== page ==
Leading coral reef scientists say Australia could restore the Great Barrier Reef to its former glory through better policies that focus on science, protection and conservation.
In a paper published in the journal Nature Climate Change, the authors argue that all the stressors on the Reef need to be reduced for it to recover.
An Australian Government report into the state of the Great Barrier Reef found that its condition in 2014 was "poor and expected to further deteriorate in the future." In the past 40 years, the Reef has lost more than half of its coral cover and there is growing concern about the future impacts of ocean acidification and climate change.
"We need to move beyond the gloom and doom to identify how the decline of the Great Barrier Reef can be turned around," says co-author Professor Terry Hughes from the ARC Centre of Excellence for Coral Reef Studies at James Cook University (JCU).
"Our paper shows that every major stressor on the Reef has been escalating for decades -- more and more fishing, pollution, coastal development, dredging, and now for the past 20 years we're also seeing the impacts of climate change."
"We now have a very good handle on why the Great Barrier Reef is in trouble," adds co-author, Jon Brodie from the Centre for Tropical Water and Aquatic Ecosystems Research at JCU.
"The challenge is to use that scientific knowledge to prevent further damage and give the Reef some breathing space that would allow it to recover."
Co-author, Jon Day, also from the ARC Centre for Coral Reef Studies at JCU says an obvious first step is to prevent unsustainable growth in each of the stressors to reduce their cumulative impact.
"If that means less dredging, less coal mining and more sustainable fishing, then that's what Australia has to do. Business as usual is not an option because the values for which the Reef was listed as World Heritage are already deteriorating, and will only get worse unless a change in policy occurs."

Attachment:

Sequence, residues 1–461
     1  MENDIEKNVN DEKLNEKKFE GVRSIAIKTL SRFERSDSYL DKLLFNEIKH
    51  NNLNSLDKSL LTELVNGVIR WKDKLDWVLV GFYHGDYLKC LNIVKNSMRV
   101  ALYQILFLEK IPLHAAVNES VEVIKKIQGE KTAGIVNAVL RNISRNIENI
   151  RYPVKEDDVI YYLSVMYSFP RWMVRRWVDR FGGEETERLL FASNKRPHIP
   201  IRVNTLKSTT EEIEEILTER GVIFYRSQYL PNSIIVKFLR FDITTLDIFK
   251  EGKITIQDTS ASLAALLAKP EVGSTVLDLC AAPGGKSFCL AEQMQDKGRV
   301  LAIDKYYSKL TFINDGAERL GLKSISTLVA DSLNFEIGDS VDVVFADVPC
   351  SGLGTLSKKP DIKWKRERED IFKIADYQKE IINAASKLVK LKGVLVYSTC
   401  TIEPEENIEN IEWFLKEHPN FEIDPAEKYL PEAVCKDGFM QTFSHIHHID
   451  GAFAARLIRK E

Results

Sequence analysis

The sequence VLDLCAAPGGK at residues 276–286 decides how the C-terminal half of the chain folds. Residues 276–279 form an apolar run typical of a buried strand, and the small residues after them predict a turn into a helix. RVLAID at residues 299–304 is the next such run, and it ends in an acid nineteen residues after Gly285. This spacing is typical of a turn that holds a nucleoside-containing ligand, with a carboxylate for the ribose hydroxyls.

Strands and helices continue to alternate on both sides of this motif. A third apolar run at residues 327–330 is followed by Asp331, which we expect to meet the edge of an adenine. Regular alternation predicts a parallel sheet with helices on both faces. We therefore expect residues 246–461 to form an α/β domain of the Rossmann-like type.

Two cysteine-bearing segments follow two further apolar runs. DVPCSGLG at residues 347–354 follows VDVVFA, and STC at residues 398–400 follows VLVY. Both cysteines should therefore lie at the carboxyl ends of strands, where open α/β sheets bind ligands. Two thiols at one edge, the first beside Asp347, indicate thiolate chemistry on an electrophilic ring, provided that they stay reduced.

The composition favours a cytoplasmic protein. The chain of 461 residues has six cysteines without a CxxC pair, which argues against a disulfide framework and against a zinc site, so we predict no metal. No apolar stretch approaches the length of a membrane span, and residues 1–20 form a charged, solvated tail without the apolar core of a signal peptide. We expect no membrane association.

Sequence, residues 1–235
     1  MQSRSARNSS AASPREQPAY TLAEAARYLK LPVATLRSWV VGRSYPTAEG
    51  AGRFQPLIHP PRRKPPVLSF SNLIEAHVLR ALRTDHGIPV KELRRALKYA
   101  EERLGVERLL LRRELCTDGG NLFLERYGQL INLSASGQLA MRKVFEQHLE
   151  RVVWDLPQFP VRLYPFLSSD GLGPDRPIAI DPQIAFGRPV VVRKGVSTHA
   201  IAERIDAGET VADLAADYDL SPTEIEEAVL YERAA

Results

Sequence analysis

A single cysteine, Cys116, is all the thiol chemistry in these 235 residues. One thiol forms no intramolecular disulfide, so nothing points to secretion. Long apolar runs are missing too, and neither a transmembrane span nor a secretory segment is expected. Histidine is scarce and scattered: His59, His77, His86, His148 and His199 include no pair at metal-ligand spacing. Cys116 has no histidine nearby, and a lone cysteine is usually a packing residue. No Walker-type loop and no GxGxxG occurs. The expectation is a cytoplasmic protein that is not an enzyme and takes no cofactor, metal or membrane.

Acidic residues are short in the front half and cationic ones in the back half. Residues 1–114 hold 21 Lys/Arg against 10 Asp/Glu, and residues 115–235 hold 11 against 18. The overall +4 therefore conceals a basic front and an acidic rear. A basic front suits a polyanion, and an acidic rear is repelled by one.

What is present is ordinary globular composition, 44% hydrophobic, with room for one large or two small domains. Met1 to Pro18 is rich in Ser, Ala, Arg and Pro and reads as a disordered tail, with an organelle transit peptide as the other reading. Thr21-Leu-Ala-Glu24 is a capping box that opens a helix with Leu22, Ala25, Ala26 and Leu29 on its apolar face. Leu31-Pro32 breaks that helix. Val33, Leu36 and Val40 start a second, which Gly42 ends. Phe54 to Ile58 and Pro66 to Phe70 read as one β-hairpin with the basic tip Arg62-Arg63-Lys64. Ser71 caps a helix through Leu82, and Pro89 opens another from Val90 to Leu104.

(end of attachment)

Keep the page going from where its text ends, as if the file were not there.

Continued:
The authors say that as countries around the world move to curb global carbon emission, Australia has an opportunity to transition away from fossil fuels and to limit the development of huge coal ports alongside the Great Barrier Reef World Heritage Area.
"No-one is saying Queensland should not have ports -- however, what we are saying is that all developments within, and adjacent to, the Great Barrier Reef need to be far more sustainable in the way that they are developed and operated, especially because they adjoin a World Heritage Area, "says Jon Day.
The authors agree that no one wants to see the Great Barrier Reef placed on UNESCO's 'World Heritage Area In-Danger' list.
"The economic case for better protecting the Great Barrier Reef is very clear -- it supports more than 60,000 jobs, mostly in Reef-related tourism," says Professor Hughes.
The scientists have outlined a six-point plan they believe will restore the Great Barrier Reef, including;
Jon Brodie says Australia is starting to reduce runoff of nutrients, sediments and pesticides from land into the World Heritage Area, and is improving regulations for dumping capital dredge-spoil, but much more action is needed.
"These efforts are a welcome step in the right direction, but they will need much better resourcing in order to substantially reduce pressures on the World Heritage Area."
The authors say the global community must make it clear that they want more effective policy action to ensure the Great Barrier Reef is restored for current and future generations.
"This paper raises awareness of the untapped opportunities to incorporate science into better policy to ensure we still have a magnificent Great Barrier Reef in the future," Terry Hughes adds.
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